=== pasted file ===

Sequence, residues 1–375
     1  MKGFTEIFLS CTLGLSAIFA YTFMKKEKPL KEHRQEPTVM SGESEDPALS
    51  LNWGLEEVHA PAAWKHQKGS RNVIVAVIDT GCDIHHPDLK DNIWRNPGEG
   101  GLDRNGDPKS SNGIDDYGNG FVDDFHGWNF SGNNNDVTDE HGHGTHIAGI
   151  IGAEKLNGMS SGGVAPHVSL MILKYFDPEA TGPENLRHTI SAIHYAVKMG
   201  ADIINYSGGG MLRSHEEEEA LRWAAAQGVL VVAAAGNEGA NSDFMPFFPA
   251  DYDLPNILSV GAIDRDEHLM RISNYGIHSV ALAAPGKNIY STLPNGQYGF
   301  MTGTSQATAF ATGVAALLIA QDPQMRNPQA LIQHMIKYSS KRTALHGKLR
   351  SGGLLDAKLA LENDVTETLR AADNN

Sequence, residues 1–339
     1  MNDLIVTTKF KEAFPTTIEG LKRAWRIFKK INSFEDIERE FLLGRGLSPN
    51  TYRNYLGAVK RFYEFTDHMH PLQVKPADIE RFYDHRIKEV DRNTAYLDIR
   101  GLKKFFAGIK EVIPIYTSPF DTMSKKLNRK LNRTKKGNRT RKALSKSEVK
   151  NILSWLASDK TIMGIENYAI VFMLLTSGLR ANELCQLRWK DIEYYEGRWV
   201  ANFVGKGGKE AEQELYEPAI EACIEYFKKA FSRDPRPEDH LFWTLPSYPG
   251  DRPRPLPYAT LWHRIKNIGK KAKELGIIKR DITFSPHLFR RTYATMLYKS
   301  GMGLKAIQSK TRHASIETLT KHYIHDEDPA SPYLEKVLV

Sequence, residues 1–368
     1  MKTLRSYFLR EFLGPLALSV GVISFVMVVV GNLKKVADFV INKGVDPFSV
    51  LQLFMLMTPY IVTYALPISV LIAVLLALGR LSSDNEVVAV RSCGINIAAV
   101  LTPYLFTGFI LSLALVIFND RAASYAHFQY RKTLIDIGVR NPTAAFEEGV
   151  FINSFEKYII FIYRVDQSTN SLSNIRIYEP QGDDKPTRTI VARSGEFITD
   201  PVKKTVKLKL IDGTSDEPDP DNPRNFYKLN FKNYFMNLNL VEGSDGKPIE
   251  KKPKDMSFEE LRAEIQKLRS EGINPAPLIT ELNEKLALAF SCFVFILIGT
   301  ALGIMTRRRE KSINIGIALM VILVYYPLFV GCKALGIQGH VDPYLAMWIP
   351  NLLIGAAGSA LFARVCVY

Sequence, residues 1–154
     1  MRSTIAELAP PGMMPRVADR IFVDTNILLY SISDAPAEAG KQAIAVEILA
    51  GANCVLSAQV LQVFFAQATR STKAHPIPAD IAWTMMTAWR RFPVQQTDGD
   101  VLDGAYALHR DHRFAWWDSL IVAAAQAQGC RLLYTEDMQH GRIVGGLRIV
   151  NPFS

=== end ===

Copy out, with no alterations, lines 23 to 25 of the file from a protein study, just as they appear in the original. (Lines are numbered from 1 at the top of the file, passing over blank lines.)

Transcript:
   201  PVKKTVKLKL IDGTSDEPDP DNPRNFYKLN FKNYFMNLNL VEGSDGKPIE
   251  KKPKDMSFEE LRAEIQKLRS EGINPAPLIT ELNEKLALAF SCFVFILIGT
   301  ALGIMTRRRE KSINIGIALM VILVYYPLFV GCKALGIQGH VDPYLAMWIP